Passion Pit to pop by Pearl Street on Patriots’ Day

By Acacia DiCiaccio

Anyone who loves electronic music and/or dance parties is a likely candidate for enjoying themselves extravagantly at Passion Pit’s concert on Monday night. For those who haven’t already heard, the indie pop band is paying a much anticipated visit to the Pearl Street ballroom in Northampton this Patriots’ Day.


Passion Pit was born in 2007 as a Valentine’s Day present to the then-girlfriend of Cambridge native Michael Angelakos. While those early recordings are no Marvin Gaye panty-droppers, one listen to Angelakos’ undeniable talent is enough to make you swoon. That’s probably why Passion Pit rather suddenly became a big fat blip on hipster radars, at least until his popularity reached a critical mass, of course.

At age 20, Angelakos signed with the indie label Frenchkiss while still mixing in his dorm room. Soon thereafter, he recorded his first EP, “Chunk of Change,” with exuberant tracks sometimes resembling video game music.

When Angelakos started performing regularly, the Passion Pit morphed from a one-man-and-his-laptop project to a full band, making for a much more fleshed out concert experience. Added to Angelakos’ vocals were Ian Hultquist on the keyboard and guitar, Ayad Al Adhamy doing synthesizers, Jeff Apruzzese on bass and Nathan Donmoyer on the drums. With its new lineup, Passion Pit quickly found spots opening for popular indie bands like Death Cab for Cutie and Girl Talk.

The band recorded a full-length album titled “Manners” in 2009 that proved to be more sophisticated than the early EP. The song “Sleepyhead” gained resounding success, reaching the mainstream radio waves and even MTV. “Manners” also made its way to iTunes’ “Best of the 2000s” list. The band has also performed at popular music festivals like Coachella, Bonnaroo and the Glastonbury Festival, and the group is scheduled to play Lollapalooza this year.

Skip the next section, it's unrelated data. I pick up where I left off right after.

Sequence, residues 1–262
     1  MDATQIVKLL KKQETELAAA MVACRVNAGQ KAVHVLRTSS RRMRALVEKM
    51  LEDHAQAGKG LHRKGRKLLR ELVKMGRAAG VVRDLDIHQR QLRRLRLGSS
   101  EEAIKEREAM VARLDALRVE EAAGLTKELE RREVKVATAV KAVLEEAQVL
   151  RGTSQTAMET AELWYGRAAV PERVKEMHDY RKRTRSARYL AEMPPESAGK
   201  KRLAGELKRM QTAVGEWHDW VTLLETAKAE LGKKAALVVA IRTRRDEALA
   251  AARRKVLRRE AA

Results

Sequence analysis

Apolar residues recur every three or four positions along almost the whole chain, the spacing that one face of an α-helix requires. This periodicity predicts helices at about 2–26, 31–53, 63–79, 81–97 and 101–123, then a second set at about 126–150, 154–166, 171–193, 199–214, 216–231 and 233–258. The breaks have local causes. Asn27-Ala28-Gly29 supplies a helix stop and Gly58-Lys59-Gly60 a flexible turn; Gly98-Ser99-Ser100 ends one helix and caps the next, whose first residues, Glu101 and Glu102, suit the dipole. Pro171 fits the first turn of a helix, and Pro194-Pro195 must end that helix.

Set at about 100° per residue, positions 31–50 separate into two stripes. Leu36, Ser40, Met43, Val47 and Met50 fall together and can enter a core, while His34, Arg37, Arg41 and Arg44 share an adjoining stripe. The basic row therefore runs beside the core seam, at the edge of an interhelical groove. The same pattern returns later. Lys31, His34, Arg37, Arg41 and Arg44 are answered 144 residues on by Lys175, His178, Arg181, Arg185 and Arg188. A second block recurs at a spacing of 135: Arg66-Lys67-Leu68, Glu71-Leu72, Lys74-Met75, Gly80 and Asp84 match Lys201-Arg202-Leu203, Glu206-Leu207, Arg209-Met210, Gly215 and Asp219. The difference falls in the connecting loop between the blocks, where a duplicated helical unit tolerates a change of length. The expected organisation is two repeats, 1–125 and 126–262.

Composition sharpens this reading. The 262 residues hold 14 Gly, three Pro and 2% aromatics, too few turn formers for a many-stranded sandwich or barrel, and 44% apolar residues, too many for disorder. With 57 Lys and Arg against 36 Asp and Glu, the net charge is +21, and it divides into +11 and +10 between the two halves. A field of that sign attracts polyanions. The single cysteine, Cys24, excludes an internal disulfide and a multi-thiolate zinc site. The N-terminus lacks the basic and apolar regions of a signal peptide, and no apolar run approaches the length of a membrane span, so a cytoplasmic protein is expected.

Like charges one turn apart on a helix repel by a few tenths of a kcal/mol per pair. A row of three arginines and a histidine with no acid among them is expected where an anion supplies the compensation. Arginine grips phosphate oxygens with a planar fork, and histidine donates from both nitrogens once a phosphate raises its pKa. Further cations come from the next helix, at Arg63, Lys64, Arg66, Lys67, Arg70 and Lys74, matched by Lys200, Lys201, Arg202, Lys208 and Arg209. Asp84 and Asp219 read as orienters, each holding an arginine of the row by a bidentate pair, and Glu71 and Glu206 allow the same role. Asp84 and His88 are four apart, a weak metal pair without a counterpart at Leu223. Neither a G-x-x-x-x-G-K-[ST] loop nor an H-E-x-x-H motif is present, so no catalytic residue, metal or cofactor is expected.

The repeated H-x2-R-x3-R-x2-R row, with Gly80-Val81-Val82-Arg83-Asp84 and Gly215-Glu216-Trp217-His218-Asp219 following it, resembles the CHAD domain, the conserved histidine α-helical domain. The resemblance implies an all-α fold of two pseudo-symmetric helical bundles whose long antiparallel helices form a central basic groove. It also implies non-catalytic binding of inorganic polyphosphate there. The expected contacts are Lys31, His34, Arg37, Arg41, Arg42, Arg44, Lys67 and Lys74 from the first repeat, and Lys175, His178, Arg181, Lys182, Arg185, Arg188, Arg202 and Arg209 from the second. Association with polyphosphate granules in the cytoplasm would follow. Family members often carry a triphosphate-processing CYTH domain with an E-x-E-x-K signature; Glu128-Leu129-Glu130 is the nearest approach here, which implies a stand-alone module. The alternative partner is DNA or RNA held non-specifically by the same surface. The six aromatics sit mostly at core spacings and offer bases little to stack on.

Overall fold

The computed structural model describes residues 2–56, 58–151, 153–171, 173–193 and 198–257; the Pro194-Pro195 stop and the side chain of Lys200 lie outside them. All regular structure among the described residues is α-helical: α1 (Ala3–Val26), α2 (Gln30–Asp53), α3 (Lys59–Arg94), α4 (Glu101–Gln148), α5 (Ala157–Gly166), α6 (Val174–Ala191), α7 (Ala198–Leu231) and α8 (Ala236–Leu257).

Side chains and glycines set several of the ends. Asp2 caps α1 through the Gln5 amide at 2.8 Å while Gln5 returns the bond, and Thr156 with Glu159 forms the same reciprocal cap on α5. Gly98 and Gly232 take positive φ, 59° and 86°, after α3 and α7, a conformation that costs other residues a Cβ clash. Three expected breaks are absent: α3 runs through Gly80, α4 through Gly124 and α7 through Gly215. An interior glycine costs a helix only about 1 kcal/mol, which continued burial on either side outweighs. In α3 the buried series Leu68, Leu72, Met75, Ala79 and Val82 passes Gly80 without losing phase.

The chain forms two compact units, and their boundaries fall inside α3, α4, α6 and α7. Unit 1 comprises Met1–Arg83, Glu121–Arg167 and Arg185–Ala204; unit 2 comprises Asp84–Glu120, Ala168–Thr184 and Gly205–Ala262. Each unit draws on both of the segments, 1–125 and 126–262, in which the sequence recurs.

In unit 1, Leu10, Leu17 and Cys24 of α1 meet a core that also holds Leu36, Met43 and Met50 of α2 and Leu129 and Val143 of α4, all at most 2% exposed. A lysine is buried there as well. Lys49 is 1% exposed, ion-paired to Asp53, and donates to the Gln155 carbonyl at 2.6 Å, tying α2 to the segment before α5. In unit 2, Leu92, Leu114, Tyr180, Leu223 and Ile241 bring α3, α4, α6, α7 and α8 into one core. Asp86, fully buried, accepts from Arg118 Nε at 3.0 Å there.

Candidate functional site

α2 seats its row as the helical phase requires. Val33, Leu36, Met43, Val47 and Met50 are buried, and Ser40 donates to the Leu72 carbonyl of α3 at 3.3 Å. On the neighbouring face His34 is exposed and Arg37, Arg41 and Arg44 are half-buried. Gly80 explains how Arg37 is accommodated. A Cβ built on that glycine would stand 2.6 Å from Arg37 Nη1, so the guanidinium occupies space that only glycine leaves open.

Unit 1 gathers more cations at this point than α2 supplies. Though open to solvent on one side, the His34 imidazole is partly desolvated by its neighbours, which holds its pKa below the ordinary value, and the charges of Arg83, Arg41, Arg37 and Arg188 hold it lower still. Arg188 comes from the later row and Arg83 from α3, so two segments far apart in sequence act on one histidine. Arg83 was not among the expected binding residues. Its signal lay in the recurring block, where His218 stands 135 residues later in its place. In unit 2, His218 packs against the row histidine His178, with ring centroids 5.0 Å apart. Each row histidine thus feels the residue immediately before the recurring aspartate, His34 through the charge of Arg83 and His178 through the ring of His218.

Passion Pit’s sound can be described as electronic, childlike, upbeat dance-pop. But words barely suffice to describe the band’s uniquely expansive melodies.

Lately, the band seems to have dropped off the planet, and despite their success, Passion Pit has recorded nothing new since 2009 – their website bio still thinks it is 2010. But we have a hunch the band is brewing something new, especially if they are on tour again. Their website’s news section proves to be pretty bare, so any rumors of new album releases will have to wait to hopefully be confirmed at the concert.

Live recordings have demonstrated the fervor that tends to build in the crowd at a Passion Pit show. So if you are looking for something fun to do as an end to your Monday holiday, hop on the B43 and visit the Pearl Street ballroom. Tickets are $28.50 or $33 at the door.

The opening act, an afrobeat band called EMEFE, seems to have too many members to fit on the small Pearl Street stage, but their mission to educate the public about their lesser-known genre of music, exemplified by legends like Fela Kuti and Tony Allen, supersedes logistical considerations like the size of the stage. EMEFE opens the set at 8:00 p.m.

Acacia DiCiaccio can be reached at [email protected]